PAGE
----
How Machine Learning Works

  • Generate 10% more revenue.
  • Know everything about your customer’s buying preferences.
  • Align opportunities to your sales process, increasing sales and retention.
Two people planning a machine learning model

Machine learning is a growing market segment across all industries, not just insurance, and sales professionals can leverage it to improve all aspects of the sales funnel. However, there is a slight catch: Most organizations are not set up to use machine learning on their own, due to the cost of building a machine learning model from scratch. At ReFocus, we take the data you already possess and process it to build models that give you insights crucial to your business.


Machine learning mimics the process of human learning. Through modeling, insurance professionals can increase the predictability of their client’s needs in real-time.

While machine learning has been around for decades, it’s only recently that we’ve had the power and the data available to curate accurate models on a commercial scale. Popular uses include handwriting translators, document readers, and spam detectors.


While there is often the idea that machine learning is just glorified statistics, this isn’t the case. Statistics takes data and uses it to identify whether a model provides accurate results. Machine learning, on the other hand, uses data to predict what results you can expect.

On a very simple level, these two can intersect: Let’s say you want to expand a specific business segment, and you need to know what combination of advertising is likely to appeal to that business segment. You construct your machine learning model based on previously obtained data, perhaps using the likely age of decision-makers, gender, income, and so on, to make a prediction on a targeted advertising strategy. You then use statistics to check whether that advertising strategy is working: number of visits to your website, results from social media, and so on.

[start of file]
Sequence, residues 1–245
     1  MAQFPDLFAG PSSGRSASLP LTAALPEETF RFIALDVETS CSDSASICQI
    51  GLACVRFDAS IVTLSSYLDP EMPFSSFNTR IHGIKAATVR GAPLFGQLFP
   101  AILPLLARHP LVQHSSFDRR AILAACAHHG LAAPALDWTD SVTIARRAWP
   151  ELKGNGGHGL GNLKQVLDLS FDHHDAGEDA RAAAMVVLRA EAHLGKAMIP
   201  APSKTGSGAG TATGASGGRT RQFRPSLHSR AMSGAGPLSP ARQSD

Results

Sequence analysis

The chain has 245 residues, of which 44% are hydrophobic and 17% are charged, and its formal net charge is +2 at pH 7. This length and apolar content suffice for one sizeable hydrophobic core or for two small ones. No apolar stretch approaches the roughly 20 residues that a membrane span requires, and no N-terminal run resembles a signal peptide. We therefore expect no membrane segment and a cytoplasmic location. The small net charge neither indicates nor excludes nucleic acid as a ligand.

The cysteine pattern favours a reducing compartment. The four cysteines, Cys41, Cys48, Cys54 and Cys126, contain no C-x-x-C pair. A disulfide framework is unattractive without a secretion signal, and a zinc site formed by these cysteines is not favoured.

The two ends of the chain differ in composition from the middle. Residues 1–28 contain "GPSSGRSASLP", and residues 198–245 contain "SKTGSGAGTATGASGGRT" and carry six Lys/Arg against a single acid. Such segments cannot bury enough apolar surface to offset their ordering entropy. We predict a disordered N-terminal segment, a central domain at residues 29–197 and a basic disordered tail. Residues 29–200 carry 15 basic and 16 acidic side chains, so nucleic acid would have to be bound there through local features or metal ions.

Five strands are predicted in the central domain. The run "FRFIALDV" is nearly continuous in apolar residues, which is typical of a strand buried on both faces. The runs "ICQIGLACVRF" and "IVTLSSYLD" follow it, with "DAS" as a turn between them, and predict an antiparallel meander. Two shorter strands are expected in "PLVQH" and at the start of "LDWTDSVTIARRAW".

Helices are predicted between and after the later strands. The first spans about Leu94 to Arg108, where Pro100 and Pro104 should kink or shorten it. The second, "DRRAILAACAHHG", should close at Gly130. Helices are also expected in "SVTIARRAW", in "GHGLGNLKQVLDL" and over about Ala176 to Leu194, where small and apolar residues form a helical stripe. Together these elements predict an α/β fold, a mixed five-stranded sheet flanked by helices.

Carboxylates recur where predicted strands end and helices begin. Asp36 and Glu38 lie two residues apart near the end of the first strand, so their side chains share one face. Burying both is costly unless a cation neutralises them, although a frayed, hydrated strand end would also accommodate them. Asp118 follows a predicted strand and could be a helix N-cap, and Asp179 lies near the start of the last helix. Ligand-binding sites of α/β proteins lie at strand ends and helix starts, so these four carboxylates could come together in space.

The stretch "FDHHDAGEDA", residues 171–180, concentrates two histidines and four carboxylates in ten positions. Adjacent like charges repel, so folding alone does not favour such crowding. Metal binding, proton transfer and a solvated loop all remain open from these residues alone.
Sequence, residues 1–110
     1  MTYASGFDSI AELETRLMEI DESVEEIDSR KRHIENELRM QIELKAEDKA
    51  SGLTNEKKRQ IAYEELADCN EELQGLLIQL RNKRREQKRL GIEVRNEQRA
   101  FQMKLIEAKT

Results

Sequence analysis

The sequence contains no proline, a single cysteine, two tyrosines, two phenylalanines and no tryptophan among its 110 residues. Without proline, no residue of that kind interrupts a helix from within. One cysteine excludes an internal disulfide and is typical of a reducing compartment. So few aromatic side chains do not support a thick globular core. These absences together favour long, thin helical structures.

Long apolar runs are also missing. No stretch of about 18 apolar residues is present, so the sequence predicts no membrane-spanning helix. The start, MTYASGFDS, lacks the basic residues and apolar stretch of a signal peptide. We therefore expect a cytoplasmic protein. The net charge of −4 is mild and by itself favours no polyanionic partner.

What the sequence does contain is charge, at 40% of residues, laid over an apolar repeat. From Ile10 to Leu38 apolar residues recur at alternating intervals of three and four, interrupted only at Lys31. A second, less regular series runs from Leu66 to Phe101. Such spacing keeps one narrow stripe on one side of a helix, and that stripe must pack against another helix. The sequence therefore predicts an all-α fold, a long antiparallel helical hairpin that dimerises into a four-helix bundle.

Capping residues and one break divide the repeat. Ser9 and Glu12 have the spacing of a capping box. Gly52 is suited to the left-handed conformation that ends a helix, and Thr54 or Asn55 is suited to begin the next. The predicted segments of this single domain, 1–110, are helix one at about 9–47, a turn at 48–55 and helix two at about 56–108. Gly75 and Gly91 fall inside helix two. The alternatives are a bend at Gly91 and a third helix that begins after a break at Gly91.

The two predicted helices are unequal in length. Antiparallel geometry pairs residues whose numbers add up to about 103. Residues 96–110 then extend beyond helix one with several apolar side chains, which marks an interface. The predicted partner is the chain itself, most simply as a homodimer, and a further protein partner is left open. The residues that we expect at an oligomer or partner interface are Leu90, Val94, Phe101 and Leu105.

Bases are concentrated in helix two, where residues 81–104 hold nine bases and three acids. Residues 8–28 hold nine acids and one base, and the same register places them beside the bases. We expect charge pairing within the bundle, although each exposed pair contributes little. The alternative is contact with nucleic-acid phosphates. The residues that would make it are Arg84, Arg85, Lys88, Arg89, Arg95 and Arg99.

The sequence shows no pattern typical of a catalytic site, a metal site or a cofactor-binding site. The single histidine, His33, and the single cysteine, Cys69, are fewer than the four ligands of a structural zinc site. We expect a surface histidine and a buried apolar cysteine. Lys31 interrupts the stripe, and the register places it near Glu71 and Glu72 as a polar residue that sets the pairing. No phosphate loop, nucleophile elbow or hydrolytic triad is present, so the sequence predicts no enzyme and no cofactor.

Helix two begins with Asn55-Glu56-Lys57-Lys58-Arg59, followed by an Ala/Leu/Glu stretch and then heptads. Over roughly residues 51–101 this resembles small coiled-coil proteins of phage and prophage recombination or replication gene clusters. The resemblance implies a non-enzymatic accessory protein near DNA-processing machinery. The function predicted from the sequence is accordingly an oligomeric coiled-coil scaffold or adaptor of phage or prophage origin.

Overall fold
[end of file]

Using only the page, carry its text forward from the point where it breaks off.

Matthew Stewart, a PhD researcher at Harvard University, helpfully notes the statement that machine learning is just glorified statistics as being similar to the idea that architecture is glorified sandcastle construction. While both machine learning algorithms and statistics make use of probabilities, the results are very different.

Machine learning

What is it?

Machine learning

Machine learning is the use of statistical models to identify trends at scale.


Machine learning can fill in large blanks in your understanding of your customers, helping you target products to their needs. This provides further opportunities for sales, ensuring the customer gets what they want with a hassle-free experience.

This is done by mining your existing data to provide context throughout the sales process. The model then provides guidance on what data is missing — what does it need to do its job. At the same time, machine learning infers the missing data, providing a high degree of accuracy in predictions. New processes provide this data, updating the model.

As an example, machine learning might spot that most quotes are made via email or over the telephone and that essential data isn’t being captured at that stage. Ultimately, this reduces the likelihood of spotting new opportunities, and it may also highlight weaknesses in automatic systems designed to produce quotes on-demand or issues with the sales process. All of these parts of the sales funnel rely on each other to produce a cohesive result.

Once your systems are redesigned to capture essential information and utilize it, the model produces more accurate results, with real-time actionable insights. In addition, end-users mark whether the prediction was accurate, helping the model learn even faster.


Ultimately, machine learning helps you understand your customers better so that you can improve your processes and your sales funnel. Identifying areas of weakness and building new systems provide better results to create powerful results that increase sales.

Ready to supercharge your sales?